Tuesday, September 27, 2005

Death can kiss my ass

Ok, a warning, I'm feeling a bit morbid tonight for reasons I'll get to shortly. This post is apt to be a bit depressing. If you're in a good mood and want to stay that way, you may want to read this one later.

The brother of a very close friend of mine has cancer and will die very soon. Mike, my friend, is taking time off work to be with him and help out. In effect he is going to be spending the next month or two watching his brother die. I feel terrible for him of course but I don't have any reference point. Thankfully, I have never lost anyone with whom I was very close. So while I have no problem sympathising it is difficult for me to empathize, to have a real understanding of what he is about to go through. I am feeling guilty about this even though I realize that death is horrifying and almost no one is any good at dealing with it.

But then that got me to thinking: We (bloggers) are all involved, to varying degrees, in a veritable online community. We have our favorite blogs and bloggers. Often we come to regard these essentially anonymous people as our friends. So what if one of us dies? How do we find out? What's the protocol for the funeral? It's probably not necessary to attend a funeral in a far off place but do you send flowers? If you send flowers what name do you use?

Ok, enough of that. If any of you guys die I am counting on you having the decency to post about it afterwards.

Thursday, September 22, 2005

Ode to a pork chop

how much pork
could a pork chop
if a pork chop
could chop

Some people have suggested that this is derivative. I think they just don't like pork.

Monday, September 19, 2005


I promise not to do any more stuff about football. After this...

Wednesday, September 14, 2005


Following is a response to the Micheal's very cool post "strange bedfellows" at http://accordingtothemichael.blogspot.com/ It'll make more sense if you read his first.

It seems to me it would be useful, for this discussion, to separate the higher and lower brain functions. I think that the lower functions have indeed performed equivalently to computers. Our nervous system, immune system, breathing, heartrate are all tightly regulated. Adrenaline, serotonin, and other helpful substances are dumped into our systems when needed. All of these mechanisms developed over thousands of years of refining, updating and eliminating errors. The point being that the brain is a very sophisticated and capable computer.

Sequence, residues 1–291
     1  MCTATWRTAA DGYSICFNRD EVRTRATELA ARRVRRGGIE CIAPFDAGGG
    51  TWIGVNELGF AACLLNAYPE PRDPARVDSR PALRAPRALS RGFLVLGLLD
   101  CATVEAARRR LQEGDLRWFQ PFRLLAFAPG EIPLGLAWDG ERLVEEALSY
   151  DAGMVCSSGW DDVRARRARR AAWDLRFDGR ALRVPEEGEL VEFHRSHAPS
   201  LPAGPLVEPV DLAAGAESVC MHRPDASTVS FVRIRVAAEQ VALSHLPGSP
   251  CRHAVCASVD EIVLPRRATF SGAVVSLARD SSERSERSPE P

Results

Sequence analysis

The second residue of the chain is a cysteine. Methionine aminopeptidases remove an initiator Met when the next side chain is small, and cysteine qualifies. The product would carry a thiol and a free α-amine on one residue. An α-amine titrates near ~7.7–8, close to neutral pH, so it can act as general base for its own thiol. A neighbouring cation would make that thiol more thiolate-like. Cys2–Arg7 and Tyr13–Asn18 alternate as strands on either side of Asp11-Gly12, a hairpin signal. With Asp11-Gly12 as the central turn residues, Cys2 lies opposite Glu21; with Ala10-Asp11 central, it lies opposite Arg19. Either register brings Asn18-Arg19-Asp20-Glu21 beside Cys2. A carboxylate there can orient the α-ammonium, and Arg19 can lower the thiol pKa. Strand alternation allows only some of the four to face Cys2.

It is the higher functions of the brain that cause all the problems you mentioned. Intuition, art, abstract thought, philosophy, adaptability and innovation. These are the things that we cannot build computers to do. These higher functions have allowed us to become the dominant species on the planet, build complex civilizations, and adapt to almost every environment we have encountered. They have also made us very dangerous to ourselves and others. They oftentimes cause us to think that we are smarter, or more capable, or luckier than those that have come before and that their fate will not be our fate. And while the lower brain functions are dedicated to ensuring our continued survival the higher functions have no such constraint. In fact, they can sometimes cause us to take actions contrary to our own best interest. This is true whether we apply it to people singly or collectively. So a nation is just as likely as an individual to act irrationally and ignore the lessons of history.

Until we can build computers that replicate the higher brain functions I don't think we have much to worry about. The computer that serves you drinks and tries to cut you off isn't doing so because it thinks it is a good idea. It's doing it because the programmer thought it would be a good idea. What we need to watch out for is the person who wishes to control some aspect of our lives and uses the computer as a tool to that end.


If we do manage to build a computer with higher brain functions as messed up as ours, I think we've all seen enough movies and TV shows to know that we're screwed. So, since building such a computer is obviously not in our best interest it is precisely what we will try to do.

Saturday, September 10, 2005

Let the games begin